BlackMagic Disk Speed Test
This is a popular speed test in the video community. It shows whether a storage device is suitable for throughput required at a given video format.
As a PCIe 3.0 NVMe SSD, the 970 EVO Plus 250GB has a good showing here and handles every format this benchmark can test for.
CrystalDiskMark 7.0.0 x64
CrystalDiskMark is used as a basic starting point for benchmarks as it is something commonly run by end-users as a sanity check.
Using the 1GB test set, the 970 EVO Plus has great results and sits atop the PCIe 3.0 pack.
With an 8GB test set, the performance remains exemplary and does not degrade at all. This is a great showing here.
ATTO Disk Benchmark
The ATTO Disk Benchmark has been a staple of drive sequential performance testing for years. ATTO was tested at both 256MB and 8GB file sizes.
Similar to CrystalDiskMark, ATTO performance is excellent. The 970 EVO Plus does not quite reach its advertised speeds, but it is very close on both read and write.
Performance numbers are virtually unchanged using the 8GB benchmark. That is not the same for all of the drives we have tested.
Anvil’s Storage Utilities
Anvil’s Storage Utilities is a comprehensive benchmark that gives us a very in-depth look at the performance of drives tested. This benchmark was run with both a 1GB and 8GB test size.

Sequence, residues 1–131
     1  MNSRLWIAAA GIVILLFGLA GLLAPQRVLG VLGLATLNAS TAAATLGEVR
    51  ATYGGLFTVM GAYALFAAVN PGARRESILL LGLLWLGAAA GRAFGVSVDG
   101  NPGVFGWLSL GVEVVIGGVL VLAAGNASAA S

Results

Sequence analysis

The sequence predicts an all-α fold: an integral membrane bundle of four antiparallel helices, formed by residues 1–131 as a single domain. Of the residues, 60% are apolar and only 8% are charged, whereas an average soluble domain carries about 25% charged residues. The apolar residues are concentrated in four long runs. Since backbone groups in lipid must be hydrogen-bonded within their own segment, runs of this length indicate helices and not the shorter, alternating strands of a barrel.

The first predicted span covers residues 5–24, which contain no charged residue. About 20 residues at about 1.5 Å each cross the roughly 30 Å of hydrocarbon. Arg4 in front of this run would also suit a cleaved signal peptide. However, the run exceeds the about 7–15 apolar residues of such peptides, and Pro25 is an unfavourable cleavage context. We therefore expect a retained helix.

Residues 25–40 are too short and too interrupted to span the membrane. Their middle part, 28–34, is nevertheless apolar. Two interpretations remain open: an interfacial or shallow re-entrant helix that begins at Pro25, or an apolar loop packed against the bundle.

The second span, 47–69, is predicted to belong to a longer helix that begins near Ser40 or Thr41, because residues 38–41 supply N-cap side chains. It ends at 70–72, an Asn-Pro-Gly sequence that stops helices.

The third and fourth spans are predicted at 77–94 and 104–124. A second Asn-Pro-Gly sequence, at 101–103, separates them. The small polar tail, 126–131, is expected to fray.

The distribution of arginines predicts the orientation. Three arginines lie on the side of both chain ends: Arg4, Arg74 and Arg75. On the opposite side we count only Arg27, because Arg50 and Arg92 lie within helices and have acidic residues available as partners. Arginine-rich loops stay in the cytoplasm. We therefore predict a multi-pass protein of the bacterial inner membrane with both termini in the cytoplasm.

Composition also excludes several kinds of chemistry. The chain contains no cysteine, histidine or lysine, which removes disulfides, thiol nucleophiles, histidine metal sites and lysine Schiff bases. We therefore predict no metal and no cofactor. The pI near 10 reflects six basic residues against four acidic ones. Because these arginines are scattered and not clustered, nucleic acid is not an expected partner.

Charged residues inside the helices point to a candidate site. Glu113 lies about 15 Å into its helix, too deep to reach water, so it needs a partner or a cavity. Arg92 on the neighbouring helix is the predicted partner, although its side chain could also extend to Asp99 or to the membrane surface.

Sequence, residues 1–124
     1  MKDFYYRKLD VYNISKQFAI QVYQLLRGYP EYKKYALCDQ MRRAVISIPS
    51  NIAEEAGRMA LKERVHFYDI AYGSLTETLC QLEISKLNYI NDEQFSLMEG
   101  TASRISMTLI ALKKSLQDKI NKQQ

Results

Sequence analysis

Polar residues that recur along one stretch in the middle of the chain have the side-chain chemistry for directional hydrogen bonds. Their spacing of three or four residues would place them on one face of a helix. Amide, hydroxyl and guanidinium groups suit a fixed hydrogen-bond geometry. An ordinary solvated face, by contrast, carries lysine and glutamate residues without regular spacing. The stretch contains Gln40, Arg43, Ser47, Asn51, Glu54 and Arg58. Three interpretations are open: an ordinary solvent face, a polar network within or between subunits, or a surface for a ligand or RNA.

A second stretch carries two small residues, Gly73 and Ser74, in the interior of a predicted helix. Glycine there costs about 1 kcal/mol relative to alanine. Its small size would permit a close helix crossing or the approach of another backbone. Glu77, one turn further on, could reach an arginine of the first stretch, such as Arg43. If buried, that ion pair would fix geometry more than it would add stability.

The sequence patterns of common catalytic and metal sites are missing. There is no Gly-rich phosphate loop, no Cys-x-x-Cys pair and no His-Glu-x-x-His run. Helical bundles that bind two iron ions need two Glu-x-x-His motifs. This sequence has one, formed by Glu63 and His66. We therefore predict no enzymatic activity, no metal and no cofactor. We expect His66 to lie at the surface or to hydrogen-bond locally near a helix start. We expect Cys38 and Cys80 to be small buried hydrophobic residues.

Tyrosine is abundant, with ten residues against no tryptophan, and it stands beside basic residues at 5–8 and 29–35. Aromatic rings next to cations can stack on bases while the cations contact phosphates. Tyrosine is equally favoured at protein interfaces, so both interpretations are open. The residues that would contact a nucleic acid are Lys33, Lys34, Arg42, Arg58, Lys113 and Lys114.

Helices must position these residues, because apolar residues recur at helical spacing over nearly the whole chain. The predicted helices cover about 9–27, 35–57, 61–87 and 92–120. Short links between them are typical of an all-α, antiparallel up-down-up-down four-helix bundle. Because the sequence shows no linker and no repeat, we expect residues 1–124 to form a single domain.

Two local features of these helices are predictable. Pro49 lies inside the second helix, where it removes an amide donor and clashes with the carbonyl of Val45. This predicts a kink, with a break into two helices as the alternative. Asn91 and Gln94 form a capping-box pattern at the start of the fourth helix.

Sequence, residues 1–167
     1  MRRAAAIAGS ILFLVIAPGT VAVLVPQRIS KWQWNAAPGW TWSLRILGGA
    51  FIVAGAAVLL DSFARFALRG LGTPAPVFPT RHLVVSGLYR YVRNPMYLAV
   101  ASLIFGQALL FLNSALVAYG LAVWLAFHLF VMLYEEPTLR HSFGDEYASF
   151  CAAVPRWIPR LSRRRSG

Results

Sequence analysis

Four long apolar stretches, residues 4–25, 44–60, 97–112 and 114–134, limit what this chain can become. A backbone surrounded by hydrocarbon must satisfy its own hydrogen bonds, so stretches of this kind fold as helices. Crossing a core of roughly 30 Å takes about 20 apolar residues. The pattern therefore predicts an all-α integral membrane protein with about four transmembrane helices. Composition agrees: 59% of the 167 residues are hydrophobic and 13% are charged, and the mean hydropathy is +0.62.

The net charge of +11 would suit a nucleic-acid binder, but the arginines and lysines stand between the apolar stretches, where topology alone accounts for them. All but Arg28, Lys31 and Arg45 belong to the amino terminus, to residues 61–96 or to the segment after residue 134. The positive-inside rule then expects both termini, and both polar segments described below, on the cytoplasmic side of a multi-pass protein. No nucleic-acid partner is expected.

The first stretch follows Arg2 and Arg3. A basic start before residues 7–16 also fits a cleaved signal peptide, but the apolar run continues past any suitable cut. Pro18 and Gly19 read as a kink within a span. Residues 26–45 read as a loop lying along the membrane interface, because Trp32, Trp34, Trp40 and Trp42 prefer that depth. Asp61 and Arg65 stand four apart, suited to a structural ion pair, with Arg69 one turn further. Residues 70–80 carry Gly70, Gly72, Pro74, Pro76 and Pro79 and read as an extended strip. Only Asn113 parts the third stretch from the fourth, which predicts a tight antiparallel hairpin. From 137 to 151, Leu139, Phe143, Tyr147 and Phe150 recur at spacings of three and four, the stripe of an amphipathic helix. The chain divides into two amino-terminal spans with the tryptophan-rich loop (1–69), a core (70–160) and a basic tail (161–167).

With Anvil running a 1GB test size, both read and write speeds are a bit lower than in our previous two tests. Performance is still good though.
Continuing a trend for this drive, the 970 EVO Plus is unaffected by the move to larger test sizes.
AS SSD Benchmark
AS SSD Benchmark is another good benchmark for testing SSDs. We run all three tests for our series. Like other utilities, it was run with both the default 1GB as well as a larger 10GB test set.
In AS SSD, the 970 EVO Plus maintains great write numbers, but the read numbers have fallen a bit in comparison to the higher capacity NVMe competitors. The 970 EVO Plus is losing out here on 4K-64Thrd test in particular.
With the larger test set, 4K-64Thrd continues to be hard on this drive. As a comparison, the Intel P3600 SSD had significantly lower sequential read and write numbers, but more than triple the 4K-64Thrd throughput on reads and double the throughput for writes, allowing it to take the win.
PCMark and our conclusion are up next.
We ran two benchmarks using PCMark 10: the Full System Drive Benchmark as well as the Data Drive Benchmark.
The 970 EVO Plus continues its trend of keeping up with bigger drives here, hovering near the top of the PCIe 3.0 pack despite its smaller size.
For the Data Drive benchmark, the 970 EVO Plus drops to the middle of the pack.
The SAMSUNG 970 EVO Plus 250GB is a highly regarded PCIe 3.0 SSD and commands a premium price of $85 for its capacity. Many other vendors have 500GB drives around the same price point. Performance is very good, which is frankly necessary to make a case to justify the extra cost.
If you are in the market for a high-performance SSD and are limited to PCIe 3.0, the 970 EVO Plus could be considered. If you are simply looking for something such as a boot drive, then 250GB may be fine, but you may also want to look at lowe cost per GB drives. If you need a SSD for a heavy read workload, then the 970 EVO Plus is a great option. It is up to you, the buyer, to determine if the higher performance justifies the extra cost per GB for your application.